Italian coastguards recovered the bodies of seven would-be immigrants from the Mediterranean on Sunday after their boat sank between the Libyan coast and the Italian island of Lampedusa, bringing the death toll to 10, the ANSA news agency said.
The bodies of three women had been found by coastguards overnight but another 62 men and eight women, one of them pregnant, were rescued, it said.
It did not disclose the nationalities of those on the boat, which got into difficulties about 35 nautical miles off the Libyan coast and 140 miles from Lampedusa.
Italian authorities had moved after a call for help made by satellite phone, and informed colleagues in Libya and Malta.
The stricken boat was later spotted by a Maltese plane.
A spokeswoman for the UN refugee agency praised what he called an "extraordinary operation", saying that without it, "another 70 people would be dead."
"Italy fulfills a leadership role in the Mediterranean in saving lives at sea, thanks to Italy's tradition, the preparation of its men and the means at their disposal," Laura Boldrini told ANSA.
Sicily's new left-wing governor, Rosario Crocetta, greeted the survivors as they arrived in Lampedusa, where he was vacationing.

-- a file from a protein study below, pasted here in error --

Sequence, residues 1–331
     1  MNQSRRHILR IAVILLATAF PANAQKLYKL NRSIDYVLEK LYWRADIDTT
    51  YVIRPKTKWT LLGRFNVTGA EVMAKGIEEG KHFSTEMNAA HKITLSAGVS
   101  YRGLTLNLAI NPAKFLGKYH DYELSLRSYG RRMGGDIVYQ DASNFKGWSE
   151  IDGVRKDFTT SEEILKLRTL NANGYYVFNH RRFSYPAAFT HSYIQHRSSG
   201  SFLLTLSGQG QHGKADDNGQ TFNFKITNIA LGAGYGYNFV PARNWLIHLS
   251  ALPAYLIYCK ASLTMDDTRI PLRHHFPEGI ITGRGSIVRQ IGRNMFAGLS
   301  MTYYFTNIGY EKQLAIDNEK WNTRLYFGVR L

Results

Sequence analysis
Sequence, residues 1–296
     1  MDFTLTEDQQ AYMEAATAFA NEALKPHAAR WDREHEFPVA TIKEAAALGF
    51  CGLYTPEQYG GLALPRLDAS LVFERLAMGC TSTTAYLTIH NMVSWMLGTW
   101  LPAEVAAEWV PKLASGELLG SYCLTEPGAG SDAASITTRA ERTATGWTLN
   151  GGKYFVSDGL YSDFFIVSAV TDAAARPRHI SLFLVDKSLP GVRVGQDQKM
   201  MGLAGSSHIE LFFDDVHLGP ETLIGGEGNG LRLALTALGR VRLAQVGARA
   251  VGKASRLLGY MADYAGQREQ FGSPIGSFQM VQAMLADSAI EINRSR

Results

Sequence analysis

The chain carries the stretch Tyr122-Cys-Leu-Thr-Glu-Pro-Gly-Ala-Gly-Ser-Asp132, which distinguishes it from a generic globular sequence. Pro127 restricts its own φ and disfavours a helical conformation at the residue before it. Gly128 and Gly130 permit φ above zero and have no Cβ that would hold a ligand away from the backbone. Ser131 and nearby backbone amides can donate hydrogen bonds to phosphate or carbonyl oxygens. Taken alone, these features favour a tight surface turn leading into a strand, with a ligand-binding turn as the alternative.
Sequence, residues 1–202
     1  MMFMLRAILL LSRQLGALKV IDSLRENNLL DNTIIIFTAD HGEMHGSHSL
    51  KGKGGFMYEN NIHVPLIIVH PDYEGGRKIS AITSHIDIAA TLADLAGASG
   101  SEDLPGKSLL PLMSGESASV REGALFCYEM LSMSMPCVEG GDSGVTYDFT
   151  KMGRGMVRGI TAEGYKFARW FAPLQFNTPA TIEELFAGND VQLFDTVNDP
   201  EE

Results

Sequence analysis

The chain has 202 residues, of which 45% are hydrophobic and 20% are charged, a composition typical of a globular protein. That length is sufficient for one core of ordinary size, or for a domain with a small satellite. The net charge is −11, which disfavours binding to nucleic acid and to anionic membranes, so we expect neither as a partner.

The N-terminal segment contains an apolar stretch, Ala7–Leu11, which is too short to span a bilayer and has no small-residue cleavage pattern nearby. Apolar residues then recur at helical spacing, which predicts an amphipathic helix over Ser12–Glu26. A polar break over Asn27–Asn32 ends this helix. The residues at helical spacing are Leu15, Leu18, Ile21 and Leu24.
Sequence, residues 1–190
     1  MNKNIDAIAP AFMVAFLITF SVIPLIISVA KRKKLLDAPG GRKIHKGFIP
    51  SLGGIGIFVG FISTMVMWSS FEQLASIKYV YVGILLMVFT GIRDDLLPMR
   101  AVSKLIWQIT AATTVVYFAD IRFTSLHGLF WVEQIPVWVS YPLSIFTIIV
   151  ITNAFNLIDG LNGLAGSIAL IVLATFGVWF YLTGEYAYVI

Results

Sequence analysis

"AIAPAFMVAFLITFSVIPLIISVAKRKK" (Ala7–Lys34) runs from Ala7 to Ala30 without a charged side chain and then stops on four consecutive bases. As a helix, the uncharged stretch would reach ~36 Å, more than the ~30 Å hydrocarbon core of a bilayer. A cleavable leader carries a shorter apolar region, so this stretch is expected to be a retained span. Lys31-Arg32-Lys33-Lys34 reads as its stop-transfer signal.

"Europe must provide a response to the tragedy of Africa, and there is also the tragedy of Lampedusa, which shoulders the problems of illegal immigration on behalf of all of Europe," Crocetta said.
When a boat carrying more than 100 Tunisian migrants sank off Lampedusa in September, rescue services managed to pluck only 56 people to safety, and the others were lost at sea.
Each year, thousands of illegal migrants, mostly from Africa, attempt the crossing of the Mediterranean in often overcrowded and unseaworthy vessels in a bid to reach the European Union.
Rome said in September that 8,000 migrants had landed on Italian beaches since the start of the year.
However the figure is a sharp drop from the figure of 60,000 last year when the Arab Spring uprisings saw a vast increase in refugees and immigrants fleeing the region for the West.
Rome attributed the decline in part to a deal with north African countries to prevent boats leaving their shores.